Cookies on this website
We use cookies to ensure that we give you the best experience on our website. If you click 'Continue' we'll assume that you are happy to receive all cookies and you won't see this message again. Click 'Find out more' for information on how to change your cookie settings.

AIM: To assess the treatment effects of rituximab in a population of patients with myasthenia gravis and Lambert-Eaton myasthenic syndrome. METHODS: Data on all treated patients in the UK were collected from referring physicians, with full case ascertainment and follow-up. RESULTS: Since 2004, 10 patients with generalised myasthenia gravis (three of whom were positive for muscle-specific tyrosine kinase (MuSK) antibodies) and two patients with Lambert-Eaton myasthenic syndrome (LEMS) were treated with rituximab. Using the Myasthenia Gravis Foundation America postintervention status, three patients (25%) achieved remission, and a further five (42%) improved clinically over an 18-month period. Only one patient developed worsening symptoms. The probability of achieving remission was unrelated to the duration of neurological symptoms prior to treatment. All LEMS and MuSK antibody patients improved following rituximab treatment. CONCLUSION: In a relatively large, unselected group of patients with myasthenia gravis and LEMS, rituximab treatment resulted in a significant clinical improvement in two-thirds of cases. As a selective, B cell targeted therapy, rituximab should be considered as a treatment option for patients with either myasthenia gravis or LEMS for whom standard immunosuppressive treatments have been unsuccessful.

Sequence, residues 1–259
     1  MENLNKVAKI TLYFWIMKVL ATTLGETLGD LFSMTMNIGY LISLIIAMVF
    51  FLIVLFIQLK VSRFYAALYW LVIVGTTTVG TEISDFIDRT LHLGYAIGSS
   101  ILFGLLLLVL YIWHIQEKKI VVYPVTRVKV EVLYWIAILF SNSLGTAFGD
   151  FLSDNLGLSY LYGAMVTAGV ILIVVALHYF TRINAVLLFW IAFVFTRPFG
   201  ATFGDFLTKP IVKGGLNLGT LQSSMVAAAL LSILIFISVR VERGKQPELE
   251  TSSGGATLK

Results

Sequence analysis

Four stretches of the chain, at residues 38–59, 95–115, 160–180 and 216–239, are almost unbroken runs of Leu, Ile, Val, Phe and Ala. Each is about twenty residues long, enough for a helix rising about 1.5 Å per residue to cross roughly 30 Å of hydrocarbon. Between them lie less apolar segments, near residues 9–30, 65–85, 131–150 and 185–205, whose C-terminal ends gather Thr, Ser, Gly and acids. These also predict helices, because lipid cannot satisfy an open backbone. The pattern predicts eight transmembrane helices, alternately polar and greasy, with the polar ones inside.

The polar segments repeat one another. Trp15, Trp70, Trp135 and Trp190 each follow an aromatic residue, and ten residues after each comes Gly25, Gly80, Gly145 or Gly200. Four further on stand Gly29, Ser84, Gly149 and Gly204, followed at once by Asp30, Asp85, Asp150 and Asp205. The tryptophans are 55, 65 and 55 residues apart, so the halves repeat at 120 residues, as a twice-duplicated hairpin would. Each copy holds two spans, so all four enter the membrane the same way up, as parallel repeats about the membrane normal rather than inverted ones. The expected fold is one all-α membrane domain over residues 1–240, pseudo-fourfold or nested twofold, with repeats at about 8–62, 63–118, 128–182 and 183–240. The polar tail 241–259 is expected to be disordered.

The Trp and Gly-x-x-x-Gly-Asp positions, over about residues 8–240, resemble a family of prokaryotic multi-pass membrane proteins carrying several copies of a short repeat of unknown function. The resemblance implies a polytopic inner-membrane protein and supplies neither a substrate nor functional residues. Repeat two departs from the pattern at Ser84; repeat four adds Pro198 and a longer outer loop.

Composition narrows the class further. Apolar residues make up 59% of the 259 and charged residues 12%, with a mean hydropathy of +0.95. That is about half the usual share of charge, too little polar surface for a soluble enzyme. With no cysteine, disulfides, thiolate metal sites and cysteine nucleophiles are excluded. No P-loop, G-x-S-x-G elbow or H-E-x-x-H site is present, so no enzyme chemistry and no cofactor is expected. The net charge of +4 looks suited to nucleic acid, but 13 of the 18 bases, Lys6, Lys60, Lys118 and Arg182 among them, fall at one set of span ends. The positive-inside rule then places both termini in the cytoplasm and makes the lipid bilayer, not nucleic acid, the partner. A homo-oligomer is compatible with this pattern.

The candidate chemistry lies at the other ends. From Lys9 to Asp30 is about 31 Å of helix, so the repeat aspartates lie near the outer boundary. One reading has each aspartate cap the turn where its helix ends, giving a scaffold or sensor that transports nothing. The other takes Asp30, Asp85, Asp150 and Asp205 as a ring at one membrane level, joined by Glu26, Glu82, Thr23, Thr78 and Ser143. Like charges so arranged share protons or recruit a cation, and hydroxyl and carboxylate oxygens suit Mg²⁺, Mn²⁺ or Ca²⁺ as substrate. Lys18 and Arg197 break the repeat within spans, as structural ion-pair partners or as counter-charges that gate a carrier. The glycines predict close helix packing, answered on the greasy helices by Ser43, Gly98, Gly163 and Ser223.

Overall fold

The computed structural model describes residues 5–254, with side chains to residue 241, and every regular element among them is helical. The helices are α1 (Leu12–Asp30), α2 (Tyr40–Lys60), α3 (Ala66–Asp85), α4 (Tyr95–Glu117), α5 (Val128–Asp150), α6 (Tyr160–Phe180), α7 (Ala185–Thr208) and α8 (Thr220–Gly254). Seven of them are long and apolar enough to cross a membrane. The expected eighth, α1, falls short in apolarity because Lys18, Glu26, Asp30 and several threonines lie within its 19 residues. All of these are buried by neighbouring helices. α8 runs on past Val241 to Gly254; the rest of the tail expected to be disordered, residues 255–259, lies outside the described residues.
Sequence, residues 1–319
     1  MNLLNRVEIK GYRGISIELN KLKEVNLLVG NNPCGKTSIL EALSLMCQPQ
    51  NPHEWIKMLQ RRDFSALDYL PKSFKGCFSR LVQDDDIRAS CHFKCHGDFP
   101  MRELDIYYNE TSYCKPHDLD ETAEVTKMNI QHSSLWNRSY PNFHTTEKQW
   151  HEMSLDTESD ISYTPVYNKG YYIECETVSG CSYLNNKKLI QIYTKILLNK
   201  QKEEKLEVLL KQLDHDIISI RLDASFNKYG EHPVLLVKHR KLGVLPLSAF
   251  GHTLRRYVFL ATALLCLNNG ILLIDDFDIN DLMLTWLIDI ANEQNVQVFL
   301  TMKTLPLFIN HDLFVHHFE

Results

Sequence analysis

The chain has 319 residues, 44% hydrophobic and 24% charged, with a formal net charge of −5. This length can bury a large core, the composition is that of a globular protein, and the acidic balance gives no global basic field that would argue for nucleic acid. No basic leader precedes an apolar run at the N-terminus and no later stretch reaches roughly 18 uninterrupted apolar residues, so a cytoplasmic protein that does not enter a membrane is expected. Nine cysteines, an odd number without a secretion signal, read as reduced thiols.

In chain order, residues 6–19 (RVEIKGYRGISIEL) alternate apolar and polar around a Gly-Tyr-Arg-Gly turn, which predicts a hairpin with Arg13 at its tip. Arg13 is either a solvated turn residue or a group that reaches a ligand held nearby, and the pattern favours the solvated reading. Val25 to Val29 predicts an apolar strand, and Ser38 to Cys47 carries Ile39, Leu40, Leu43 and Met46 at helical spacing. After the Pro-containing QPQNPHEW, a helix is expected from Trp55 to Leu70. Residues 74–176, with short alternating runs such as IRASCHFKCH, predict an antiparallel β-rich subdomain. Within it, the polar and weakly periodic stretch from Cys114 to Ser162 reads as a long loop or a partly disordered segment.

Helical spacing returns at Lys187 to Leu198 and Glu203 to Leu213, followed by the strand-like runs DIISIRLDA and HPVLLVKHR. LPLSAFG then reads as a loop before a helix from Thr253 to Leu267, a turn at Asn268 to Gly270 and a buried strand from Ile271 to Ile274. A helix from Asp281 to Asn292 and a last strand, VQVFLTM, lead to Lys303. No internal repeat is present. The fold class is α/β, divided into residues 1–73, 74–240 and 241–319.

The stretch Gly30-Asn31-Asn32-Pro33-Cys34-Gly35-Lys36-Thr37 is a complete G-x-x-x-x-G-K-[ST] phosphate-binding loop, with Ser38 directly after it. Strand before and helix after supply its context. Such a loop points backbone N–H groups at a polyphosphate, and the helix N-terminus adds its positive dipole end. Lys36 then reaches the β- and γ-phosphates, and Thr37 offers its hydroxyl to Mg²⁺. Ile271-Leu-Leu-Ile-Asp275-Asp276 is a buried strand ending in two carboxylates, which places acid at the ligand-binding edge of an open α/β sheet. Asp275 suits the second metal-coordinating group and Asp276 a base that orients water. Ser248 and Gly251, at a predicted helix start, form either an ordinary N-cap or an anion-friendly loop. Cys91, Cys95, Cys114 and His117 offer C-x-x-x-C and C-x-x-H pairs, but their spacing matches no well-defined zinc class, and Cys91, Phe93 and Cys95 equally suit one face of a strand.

Original publication

DOI

10.1136/jnnp.2009.197632

Type

Journal article

Journal

J Neurol Neurosurg Psychiatry

Publication Date

06/2011

Volume

82

Pages

671 - 673

Keywords

Adolescent, Adult, Antibodies, Monoclonal, Murine-Derived, Child, Child, Preschool, Female, Humans, Immunologic Factors, Lambert-Eaton Myasthenic Syndrome, Male, Middle Aged, Myasthenia Gravis, Protein-Tyrosine Kinases, Receptor Protein-Tyrosine Kinases, Receptors, Cholinergic, Retrospective Studies, Rituximab